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A proposal to beat below-the-belt selfies: Crowdsourced machine learning using victims' image stashes
Empty your inboxes, people, we can duck this problem together
Column It’s often said that the second most important job in Australia – behind Prime Minister – is captain of the Australian men’s cricket team.
The last holder of that office recently resigned in disgrace after it emerged a flurry of texts he exchanged with a staffer crossed the line from racy to harassment as one message included an unsolicited dick pic.
After his resignation, a friend who is both a cricket fan and an AI expert messaged me.
"This can’t go on," she said.
"Well, he’s gone," I replied. "And there’s an end to it."
"I don’t mean that. Of course he’s gone,” she responded. “This happens all the time. Every day women are getting photos they never asked for, of bits that they’d rather not see."
"True dat. But what can you do about it? ‘Penis erectus conscientum non habet.’"
She rolled her eyes at my Latin. "It’s not as though I’d expect men to do anything about it. Apparently you all think your bits are suitable for framing."
"Well, if you can’t stop men being stupid – and god knows many have tried – what else is there?"
"Oh, I reckon this is a perfect problem for machine learning."
"All these photos of all of these bits, they’re flying through systems that route them from >ahem< sender to an unfortunate receiver. I reckon it would be dead simple to build a filter on the receiver."
"Something that could match those photos against an abstract, prototypical, possibly even Platonic bit, and intervene."
"So if it looks enough like someone’s bits…"
"…you’d stop it right there. And replace it."
"You’d replace a photo of someone’s bits with someone else’s?"
For that I got a look that telegraphed how can you be this dim? "No. You’d transmit another photo altogether. Of a duck."
"Which duck? Whose duck? Why a duck?"
"Everyone loves a good photo of a nice, friendly duck. So much less… surprising. And yet…"
"And yet, if someone received – apropos of nothing in particular – a photo of a duck…"
"…They’d know they’d been spared the sight of some bloke’s bits."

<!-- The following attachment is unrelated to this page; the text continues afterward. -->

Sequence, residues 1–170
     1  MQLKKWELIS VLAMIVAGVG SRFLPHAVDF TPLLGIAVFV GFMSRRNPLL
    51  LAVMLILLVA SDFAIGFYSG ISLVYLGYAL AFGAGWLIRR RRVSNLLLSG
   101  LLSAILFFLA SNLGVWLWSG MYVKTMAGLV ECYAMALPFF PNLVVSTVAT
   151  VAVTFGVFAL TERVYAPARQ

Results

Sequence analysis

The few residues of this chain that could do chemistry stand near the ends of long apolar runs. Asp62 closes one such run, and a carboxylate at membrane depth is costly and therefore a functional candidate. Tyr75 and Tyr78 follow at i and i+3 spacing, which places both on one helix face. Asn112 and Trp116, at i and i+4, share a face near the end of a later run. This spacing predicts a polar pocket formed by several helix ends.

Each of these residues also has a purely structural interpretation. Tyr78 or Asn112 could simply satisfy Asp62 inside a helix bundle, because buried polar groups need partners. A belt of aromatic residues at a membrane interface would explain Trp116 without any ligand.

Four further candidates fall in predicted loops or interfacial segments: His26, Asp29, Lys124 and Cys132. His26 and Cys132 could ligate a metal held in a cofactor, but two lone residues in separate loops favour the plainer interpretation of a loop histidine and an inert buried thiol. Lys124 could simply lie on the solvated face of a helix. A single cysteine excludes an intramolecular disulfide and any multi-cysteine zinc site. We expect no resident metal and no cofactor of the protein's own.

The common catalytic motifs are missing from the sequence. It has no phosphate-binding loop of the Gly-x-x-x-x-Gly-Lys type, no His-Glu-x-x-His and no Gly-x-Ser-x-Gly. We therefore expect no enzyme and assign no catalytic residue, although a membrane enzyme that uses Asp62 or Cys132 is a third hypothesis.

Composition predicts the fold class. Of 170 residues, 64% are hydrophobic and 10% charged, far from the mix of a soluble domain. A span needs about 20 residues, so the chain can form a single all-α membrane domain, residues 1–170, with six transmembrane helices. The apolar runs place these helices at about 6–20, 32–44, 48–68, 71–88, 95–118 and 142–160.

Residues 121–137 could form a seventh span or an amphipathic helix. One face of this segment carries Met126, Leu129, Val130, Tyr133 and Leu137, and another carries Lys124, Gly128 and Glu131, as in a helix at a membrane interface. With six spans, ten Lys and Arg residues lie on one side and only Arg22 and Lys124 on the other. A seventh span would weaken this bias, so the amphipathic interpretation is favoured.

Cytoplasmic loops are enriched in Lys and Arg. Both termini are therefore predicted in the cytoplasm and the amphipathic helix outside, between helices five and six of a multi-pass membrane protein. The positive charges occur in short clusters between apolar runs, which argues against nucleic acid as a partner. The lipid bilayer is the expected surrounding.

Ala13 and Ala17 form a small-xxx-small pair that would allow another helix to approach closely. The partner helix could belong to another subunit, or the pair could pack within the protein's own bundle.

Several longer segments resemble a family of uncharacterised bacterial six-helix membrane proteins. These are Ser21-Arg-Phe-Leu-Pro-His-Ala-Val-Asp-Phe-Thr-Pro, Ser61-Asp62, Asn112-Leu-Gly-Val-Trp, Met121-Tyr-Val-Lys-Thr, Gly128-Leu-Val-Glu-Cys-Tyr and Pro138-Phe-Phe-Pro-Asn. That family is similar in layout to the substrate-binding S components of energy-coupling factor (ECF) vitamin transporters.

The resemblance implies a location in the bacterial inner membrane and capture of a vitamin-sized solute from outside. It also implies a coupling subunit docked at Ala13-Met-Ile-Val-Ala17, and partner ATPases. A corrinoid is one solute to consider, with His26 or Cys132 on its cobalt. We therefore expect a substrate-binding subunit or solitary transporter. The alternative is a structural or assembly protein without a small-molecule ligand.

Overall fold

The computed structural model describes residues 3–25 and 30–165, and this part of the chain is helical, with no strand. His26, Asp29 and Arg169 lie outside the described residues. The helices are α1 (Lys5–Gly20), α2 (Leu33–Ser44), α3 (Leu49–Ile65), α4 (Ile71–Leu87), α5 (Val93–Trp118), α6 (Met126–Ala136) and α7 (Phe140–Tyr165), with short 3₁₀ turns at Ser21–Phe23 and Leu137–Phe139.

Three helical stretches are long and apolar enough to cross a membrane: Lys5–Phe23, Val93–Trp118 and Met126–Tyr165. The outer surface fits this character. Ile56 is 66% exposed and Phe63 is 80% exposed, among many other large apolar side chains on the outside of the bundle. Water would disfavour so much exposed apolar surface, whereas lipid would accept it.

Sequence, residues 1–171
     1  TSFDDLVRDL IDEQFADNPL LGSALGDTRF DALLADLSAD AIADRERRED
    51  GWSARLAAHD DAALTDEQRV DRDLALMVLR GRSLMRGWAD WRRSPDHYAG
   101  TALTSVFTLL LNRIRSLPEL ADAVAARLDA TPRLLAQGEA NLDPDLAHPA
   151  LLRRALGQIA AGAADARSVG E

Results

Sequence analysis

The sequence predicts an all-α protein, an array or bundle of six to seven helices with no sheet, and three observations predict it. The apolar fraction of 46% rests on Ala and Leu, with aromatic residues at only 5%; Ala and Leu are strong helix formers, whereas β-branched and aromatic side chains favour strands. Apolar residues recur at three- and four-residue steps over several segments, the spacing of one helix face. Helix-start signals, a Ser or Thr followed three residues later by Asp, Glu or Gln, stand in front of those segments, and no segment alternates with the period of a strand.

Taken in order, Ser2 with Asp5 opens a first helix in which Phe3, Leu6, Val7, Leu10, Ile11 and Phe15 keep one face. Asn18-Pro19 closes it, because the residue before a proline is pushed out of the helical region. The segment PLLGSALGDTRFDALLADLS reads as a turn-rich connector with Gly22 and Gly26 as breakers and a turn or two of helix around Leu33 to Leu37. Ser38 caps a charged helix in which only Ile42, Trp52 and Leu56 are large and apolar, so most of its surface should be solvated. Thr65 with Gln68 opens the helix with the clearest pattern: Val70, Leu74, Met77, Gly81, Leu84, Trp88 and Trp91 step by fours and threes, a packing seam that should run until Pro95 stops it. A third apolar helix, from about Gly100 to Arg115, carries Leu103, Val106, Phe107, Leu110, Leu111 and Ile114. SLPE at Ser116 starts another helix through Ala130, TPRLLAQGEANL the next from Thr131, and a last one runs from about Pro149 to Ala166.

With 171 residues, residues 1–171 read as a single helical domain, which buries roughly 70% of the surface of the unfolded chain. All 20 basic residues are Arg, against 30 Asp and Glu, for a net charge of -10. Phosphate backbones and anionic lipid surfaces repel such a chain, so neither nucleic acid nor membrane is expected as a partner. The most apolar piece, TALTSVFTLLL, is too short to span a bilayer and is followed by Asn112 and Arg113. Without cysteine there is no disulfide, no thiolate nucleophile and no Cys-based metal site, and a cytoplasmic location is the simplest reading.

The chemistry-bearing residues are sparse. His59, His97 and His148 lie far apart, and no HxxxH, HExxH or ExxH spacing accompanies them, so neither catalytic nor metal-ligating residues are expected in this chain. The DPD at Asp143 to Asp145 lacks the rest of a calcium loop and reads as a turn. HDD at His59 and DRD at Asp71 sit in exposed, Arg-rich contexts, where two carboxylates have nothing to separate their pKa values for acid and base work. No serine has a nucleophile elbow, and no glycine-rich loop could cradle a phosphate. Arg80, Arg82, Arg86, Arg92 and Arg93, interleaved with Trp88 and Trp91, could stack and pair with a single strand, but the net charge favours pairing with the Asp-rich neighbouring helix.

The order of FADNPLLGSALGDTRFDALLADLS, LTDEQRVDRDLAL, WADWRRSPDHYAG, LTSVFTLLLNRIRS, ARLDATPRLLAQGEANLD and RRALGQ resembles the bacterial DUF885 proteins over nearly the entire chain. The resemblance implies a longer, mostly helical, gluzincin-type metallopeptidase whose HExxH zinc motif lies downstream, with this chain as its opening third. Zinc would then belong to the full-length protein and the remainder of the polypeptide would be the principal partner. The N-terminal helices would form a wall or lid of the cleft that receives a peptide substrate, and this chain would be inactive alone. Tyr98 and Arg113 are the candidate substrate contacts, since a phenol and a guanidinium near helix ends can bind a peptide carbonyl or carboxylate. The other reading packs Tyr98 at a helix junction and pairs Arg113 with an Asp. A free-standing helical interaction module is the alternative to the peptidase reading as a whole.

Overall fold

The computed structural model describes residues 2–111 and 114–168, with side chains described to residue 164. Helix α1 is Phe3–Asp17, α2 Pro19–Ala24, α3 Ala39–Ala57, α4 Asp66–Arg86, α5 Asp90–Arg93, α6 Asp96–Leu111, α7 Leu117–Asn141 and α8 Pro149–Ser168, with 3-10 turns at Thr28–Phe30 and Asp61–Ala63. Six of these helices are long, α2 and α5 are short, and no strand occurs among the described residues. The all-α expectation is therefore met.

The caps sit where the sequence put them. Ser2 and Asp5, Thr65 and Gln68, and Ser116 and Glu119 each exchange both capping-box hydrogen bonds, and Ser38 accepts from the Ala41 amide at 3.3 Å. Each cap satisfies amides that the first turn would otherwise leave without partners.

"You see it now."
She giggled and said, "I know."
"There’s only one problem," I replied. "Bits come in all shapes and contours and colours. That’d mean quite a large… erm…training set."
"And that’s the second half of my plan. To train the model to detect the bits, we ask for contributions."
"From blokes?" I shuddered.
"No," she said, in a tone you’d use when addressing a poorly trained dog. "From all the women who have over the last twenty years been subjected to all those photos of all those blokes’ bits."
"Yes. Every time another unsolicited photo arrives, women can… deposit?… those bits in the appropriate receptacle. Improving the model."
"And, at the rate unsolicited bits are flying around these days…"
"Yeah," she sighed. "I reckon it should only take about a week."
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"You know, I now see seventh graders using web-based tools to train TensorFlow-based models. With pretty remarkable results. What you’ve described is basically a secondary-school project. The sort of thing that might win a science fair."
"It’s dead easy. We’ve got all this great tech, and it’s time to make it really useful, by adding some c**k-blocking to our messaging apps. Of course, you’d need to get Apple and Google and Facebook onboard..."
"But they need this. Everyone is tired of online harassment and looking for a way to be seen to be doing the right thing. This is just that sort of feature. It’s a natural. By the end of next year, I reckon it’ll be a tickbox feature on most of your sharing services. Just click on ‘Ducks for d**ks’, and you’re protected."
"That’s my hope. It truly feels like it’s an idea whose time has come. And then, every time some bloke over-enthusiastically shares their bits, well, they’ll be gone for a duck." ®
PS: Yes, we know this has been done before – see here, here, and here, for example – we're saying it should be more widespread and work well.